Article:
The reading test that shows you what it's like to be dyslexic

In response to the diagnosis and in an attempt to recreate the emotional experience of dyslexia, he created a font. See if you can read it: Picture: Daniel Britton It took you a while, right? There's only one type of brain that isn't fooled by this optical illusion. Optical illusions are fascinating because of their ability to suspend reality tricking people into seeing a false image.

There's only one type of brain that isn't fooled by this optical illusion

And research indicates that one particular illusion fails to fool those who suffer from schizophrenia. The hollow mask is an illusion in which viewers perceive a concave, rather than convex face. The average brain perceives the world using a combination of bottom-up (what it sees) and top-down processing (the expectation based on experience), Wired reports. Danai Dima, Hannover Medical University and Jonathan Roiser of UCL put 16 healthy subjects and 13 schizophrenia patients through an fMRI machine, and measured their brain activity when they were presented with the image. Danai said: There's only one type of brain that isn't fooled by this optical illusion. Presidential optical illusion offers clues to how brain processes faces.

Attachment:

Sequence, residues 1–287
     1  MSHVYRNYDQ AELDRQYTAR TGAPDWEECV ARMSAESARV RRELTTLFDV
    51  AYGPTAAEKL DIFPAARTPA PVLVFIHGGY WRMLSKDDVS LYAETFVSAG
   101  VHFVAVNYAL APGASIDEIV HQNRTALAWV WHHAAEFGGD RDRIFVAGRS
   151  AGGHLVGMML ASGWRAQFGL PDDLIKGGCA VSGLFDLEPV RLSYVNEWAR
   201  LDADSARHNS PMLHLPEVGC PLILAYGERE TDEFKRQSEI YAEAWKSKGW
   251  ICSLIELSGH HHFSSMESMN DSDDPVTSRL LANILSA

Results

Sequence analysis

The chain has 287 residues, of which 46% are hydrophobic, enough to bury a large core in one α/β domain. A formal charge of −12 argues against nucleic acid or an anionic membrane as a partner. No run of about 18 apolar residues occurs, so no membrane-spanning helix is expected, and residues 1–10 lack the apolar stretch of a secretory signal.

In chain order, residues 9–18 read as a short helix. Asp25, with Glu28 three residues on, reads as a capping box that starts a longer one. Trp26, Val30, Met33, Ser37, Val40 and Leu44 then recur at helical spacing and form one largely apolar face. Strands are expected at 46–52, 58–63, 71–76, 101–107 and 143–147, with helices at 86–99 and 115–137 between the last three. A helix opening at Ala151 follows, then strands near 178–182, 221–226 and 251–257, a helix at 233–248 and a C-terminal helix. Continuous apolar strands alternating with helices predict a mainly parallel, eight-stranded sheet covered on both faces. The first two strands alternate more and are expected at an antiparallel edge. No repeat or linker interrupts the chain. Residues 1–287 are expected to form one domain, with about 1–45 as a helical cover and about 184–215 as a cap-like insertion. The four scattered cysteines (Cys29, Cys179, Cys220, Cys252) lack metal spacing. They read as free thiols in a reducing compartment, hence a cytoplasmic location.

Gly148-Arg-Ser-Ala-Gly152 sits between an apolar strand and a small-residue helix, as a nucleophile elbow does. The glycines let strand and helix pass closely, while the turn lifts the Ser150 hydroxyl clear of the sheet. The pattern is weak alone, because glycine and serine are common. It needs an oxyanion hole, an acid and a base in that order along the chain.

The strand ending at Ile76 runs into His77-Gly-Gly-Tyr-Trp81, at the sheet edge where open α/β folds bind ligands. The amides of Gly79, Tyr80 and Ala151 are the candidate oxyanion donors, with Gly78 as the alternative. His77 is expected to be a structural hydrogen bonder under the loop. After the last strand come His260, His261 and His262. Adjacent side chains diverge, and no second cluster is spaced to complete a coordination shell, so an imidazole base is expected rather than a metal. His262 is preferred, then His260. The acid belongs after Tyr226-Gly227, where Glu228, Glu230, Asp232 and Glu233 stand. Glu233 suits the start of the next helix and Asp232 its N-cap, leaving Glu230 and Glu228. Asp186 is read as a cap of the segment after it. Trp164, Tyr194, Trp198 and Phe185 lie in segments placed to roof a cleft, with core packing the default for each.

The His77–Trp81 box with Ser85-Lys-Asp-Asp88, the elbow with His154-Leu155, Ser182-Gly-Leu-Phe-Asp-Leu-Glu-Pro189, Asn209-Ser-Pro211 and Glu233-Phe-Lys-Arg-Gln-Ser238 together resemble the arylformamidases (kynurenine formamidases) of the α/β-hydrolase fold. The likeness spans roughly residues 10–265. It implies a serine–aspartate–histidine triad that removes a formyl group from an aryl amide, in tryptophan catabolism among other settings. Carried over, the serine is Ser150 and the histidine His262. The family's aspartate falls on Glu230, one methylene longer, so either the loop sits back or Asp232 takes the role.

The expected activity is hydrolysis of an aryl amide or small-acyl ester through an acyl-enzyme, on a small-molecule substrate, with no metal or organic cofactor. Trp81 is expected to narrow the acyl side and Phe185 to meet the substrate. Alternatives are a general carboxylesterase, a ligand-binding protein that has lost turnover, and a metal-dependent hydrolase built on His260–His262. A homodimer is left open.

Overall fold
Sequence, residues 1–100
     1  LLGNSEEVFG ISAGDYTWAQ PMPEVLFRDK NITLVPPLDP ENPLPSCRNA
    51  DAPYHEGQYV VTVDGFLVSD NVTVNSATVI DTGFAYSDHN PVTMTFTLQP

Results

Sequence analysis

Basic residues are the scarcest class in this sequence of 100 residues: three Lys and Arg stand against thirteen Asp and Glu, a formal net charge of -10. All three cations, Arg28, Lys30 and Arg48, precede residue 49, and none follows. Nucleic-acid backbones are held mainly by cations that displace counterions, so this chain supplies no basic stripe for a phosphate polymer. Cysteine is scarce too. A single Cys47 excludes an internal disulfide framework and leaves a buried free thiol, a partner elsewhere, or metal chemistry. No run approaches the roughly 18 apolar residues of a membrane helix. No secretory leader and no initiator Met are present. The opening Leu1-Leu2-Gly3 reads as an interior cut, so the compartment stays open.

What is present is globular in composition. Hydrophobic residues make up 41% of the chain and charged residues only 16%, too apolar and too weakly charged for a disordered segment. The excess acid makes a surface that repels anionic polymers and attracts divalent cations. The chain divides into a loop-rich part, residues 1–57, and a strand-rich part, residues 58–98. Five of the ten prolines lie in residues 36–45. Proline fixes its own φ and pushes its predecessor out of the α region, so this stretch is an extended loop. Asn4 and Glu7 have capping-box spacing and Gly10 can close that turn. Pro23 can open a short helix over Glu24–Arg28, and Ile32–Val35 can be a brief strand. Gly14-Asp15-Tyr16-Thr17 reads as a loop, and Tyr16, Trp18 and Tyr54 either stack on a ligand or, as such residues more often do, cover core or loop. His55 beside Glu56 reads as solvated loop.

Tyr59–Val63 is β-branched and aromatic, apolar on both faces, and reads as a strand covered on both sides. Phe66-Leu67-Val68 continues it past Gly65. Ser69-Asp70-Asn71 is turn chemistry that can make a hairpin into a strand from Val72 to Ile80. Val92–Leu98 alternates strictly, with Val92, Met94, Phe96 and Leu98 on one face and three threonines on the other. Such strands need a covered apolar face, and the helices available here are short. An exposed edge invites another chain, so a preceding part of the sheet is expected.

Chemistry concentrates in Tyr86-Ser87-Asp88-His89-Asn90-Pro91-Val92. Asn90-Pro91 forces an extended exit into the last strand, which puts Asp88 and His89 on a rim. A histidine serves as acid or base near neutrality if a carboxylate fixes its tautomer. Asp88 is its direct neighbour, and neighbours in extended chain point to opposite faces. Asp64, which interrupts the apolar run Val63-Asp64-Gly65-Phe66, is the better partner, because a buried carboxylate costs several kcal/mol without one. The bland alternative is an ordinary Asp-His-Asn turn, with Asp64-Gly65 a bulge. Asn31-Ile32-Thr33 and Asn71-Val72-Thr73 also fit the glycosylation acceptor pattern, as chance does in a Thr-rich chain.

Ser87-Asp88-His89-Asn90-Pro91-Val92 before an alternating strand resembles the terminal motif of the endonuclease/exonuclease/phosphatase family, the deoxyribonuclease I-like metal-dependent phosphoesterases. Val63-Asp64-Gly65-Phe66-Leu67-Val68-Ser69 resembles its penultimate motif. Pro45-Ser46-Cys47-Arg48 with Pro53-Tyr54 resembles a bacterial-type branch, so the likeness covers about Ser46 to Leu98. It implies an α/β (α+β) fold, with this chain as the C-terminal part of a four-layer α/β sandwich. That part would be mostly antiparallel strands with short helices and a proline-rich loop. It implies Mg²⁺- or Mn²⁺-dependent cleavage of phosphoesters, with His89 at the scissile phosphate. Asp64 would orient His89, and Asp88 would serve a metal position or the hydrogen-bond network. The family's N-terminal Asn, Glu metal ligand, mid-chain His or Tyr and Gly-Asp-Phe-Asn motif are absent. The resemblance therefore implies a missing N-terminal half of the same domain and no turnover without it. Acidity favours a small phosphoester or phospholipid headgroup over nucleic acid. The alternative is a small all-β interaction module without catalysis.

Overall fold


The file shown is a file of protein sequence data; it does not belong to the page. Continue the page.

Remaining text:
An optical illusion that appears after looking at pictures of Bill Clinton and George Bush offers important clues to how the brain and eyes see faces.

Presidential optical illusion offers clues to how brain processes faces

The illusion is conjured by first concentrating for a short while on the red dot between the two men’s faces. This optical illusion will make a hole appear in your hand. Breaking news: You probably have two eyes.

This optical illusion will make a hole appear in your hand